- The eyewall of Hurricane Katrina on Aug. 28, 2005, as viewed from a NOAA Hurrican Hunter aircraft.
Over at Earth Networks, the company that owns WeatherBug, meteorologists are predicting that 13 to 14 named storms will form in the Atlantic Hurricane Basin in 2011. (Full disclosure: ABC7 is a WeatherBug client.) Of those storms, seven to eight will swell into full-fledged hurricanes, say the meteorologists, and about half of those will grow into powerfully dangerous systems with winds topping 111 m.p.h.
Put that estimate next to the numbers for an average hurricane season and you’ll see that this hypothetical season is much more active than we're used to.
A typical hurricane season, defined as June 1 through Nov. 30, has 10 tropical storms becoming six hurricanes, with two or three bloating into major cyclones.
The Earth Networks’ outlook is still a drop from 2010’s season, which tied with 1995 and 1887 for the third-highest cyclone activity on record, with 19 named storms and 12 hurricanes (five of them major, although none touched land). So what’s causing the less-enthusiastic outlook this year? According to Earth Networks senior meteorologist Julie Gaddy:
“While water temperatures in the Atlantic Ocean are warmer than average in key tropical cyclone development areas, they are not as warm as last year. La Niña conditions, which usually favor the formation of tropical storms, are forecasted to weaken throughout the summer. Neutral conditions are expected during the prime hurricane months from August through October. However, tropical systems can form at any time during the season.”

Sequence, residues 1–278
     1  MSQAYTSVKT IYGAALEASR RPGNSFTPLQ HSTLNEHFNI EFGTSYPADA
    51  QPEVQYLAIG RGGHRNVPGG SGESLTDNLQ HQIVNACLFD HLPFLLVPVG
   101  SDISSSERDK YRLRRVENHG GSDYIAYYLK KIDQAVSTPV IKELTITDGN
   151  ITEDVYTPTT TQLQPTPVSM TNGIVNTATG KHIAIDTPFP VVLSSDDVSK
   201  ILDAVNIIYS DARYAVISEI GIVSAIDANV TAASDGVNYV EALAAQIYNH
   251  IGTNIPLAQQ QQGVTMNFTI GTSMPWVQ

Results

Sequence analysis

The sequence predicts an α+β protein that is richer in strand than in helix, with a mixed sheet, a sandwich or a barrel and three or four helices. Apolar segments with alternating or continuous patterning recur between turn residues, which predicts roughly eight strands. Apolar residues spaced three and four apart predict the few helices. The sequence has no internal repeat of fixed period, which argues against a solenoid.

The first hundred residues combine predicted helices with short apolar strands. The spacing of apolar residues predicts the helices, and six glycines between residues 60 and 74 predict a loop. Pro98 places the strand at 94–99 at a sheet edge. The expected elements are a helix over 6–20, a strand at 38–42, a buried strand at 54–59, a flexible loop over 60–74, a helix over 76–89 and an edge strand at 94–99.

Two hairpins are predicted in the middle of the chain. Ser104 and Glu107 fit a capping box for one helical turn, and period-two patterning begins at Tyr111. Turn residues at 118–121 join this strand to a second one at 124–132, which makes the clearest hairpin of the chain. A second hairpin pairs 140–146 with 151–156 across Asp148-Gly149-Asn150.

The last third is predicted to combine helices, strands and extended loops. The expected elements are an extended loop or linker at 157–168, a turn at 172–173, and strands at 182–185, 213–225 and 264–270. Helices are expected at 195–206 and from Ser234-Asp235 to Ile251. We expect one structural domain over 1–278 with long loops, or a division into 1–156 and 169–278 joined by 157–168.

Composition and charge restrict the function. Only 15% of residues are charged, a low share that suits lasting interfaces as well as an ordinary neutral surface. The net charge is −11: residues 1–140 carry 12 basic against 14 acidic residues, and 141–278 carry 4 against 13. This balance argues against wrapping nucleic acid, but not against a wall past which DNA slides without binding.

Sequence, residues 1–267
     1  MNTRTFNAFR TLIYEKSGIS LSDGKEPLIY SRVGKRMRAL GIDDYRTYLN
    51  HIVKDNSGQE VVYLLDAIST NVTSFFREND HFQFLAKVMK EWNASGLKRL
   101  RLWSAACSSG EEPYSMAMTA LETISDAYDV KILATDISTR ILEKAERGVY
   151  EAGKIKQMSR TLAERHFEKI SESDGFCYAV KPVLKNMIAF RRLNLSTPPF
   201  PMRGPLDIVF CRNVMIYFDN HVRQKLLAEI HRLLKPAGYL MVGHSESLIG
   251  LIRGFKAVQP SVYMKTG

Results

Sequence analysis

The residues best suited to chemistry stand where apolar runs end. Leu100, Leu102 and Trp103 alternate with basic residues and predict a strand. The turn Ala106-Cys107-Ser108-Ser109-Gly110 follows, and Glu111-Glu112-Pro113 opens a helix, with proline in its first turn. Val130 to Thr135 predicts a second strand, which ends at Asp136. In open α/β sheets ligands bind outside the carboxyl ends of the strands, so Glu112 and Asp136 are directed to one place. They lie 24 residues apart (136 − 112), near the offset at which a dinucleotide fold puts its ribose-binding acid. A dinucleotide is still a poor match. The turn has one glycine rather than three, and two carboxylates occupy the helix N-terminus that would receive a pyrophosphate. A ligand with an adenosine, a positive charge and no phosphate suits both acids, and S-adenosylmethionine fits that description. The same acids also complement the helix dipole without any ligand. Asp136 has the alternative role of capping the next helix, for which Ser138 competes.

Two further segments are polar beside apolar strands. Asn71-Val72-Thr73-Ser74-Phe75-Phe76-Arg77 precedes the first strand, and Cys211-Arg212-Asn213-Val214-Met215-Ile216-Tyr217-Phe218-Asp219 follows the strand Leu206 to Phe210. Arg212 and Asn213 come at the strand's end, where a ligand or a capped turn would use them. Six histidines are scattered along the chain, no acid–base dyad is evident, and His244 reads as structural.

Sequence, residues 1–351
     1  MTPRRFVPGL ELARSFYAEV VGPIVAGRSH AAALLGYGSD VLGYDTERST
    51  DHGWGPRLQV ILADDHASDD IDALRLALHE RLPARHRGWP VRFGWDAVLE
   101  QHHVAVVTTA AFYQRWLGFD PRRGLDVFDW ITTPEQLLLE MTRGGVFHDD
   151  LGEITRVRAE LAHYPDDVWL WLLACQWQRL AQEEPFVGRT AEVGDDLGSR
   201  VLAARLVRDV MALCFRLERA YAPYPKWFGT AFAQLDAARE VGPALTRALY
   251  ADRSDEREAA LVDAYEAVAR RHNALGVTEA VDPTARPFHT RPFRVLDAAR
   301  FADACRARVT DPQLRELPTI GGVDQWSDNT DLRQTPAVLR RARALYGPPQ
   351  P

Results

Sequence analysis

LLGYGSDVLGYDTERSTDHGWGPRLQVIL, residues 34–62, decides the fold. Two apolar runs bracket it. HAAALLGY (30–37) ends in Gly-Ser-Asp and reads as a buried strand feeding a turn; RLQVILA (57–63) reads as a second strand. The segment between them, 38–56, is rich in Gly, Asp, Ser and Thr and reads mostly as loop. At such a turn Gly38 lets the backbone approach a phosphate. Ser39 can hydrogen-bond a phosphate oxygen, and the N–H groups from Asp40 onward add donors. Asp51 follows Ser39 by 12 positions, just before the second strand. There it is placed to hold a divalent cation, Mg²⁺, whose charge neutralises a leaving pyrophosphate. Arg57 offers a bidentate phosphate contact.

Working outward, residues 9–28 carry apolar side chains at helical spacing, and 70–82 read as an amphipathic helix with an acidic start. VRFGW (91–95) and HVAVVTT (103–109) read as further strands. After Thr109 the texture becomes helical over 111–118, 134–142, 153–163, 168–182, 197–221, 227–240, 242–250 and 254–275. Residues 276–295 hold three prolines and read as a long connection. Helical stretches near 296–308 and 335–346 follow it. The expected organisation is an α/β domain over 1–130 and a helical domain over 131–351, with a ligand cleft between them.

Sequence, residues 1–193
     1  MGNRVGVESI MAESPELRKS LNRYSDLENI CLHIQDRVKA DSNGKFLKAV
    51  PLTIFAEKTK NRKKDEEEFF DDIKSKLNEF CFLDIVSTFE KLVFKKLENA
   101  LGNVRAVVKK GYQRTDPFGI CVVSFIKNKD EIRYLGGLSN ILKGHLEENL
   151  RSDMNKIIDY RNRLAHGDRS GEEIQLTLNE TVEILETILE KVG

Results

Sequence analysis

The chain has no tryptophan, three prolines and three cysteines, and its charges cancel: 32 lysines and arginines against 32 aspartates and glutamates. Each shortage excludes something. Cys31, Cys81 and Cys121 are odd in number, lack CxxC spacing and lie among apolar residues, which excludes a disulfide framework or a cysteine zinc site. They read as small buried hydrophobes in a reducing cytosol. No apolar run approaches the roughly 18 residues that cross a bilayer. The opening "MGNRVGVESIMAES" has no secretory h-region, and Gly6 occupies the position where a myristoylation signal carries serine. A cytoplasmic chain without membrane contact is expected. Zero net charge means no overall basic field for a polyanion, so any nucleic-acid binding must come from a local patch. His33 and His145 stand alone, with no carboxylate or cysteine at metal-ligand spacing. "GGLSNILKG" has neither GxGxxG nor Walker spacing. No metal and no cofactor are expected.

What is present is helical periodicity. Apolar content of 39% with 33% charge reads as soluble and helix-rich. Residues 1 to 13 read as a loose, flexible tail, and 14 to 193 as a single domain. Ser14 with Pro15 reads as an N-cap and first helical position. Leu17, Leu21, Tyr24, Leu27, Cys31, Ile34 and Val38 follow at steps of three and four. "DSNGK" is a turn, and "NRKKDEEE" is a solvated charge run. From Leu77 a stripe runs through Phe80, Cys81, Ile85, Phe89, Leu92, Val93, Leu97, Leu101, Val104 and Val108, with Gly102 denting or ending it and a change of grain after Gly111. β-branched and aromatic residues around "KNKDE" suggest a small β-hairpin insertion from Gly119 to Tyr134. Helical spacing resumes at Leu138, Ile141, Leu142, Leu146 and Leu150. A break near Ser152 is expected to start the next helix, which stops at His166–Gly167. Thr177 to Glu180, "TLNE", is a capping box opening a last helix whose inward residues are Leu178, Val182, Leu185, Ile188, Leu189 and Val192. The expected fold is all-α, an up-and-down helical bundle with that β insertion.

The meteorologists also factored in the abnormally bustling hurricane seasons of late – there’s been a pattern of heightened activity over the last dozen years. And while it’s impossible to predict how many of these rotating behemoths could reach D.C.’s Key Bridge breakpoint, the meteorologists say there are climatological similarities between 2011 and hurricane-stricken years like 2008 and 1996 that had a greater number of landfalls. That's slightly worrying. But it’s worth saying it again: There is no great way to predict hurricane landfalls this far ahead of the game.
Earth Networks’ vision of a bustling 2011 season jibes with two other prognoses. Take a look:
Accuweather’s outlook (released March 30): 15 named tropical storms, eight hurricanes, three major hurricanes of Category 3 strength or higher. This outlook predicts higher landfall probabilities in Texas, Louisiana, the Florida Peninsula and the Carolinas.
Colorado State University’s outlook (updated April 6): 16 tropical storms, nine hurricanes, five major hurricanes. The university gives a 72 percent chance that at least one major hurricane will make land somewhere on the U.S. coast.
NOAA's outlook comes out next week, and it should be interesting to see if the government agrees with these private-sector folk. While you’re waiting for that forecast to be released, why not read a little about why these outlooks should always be taken with a grain of sea salt?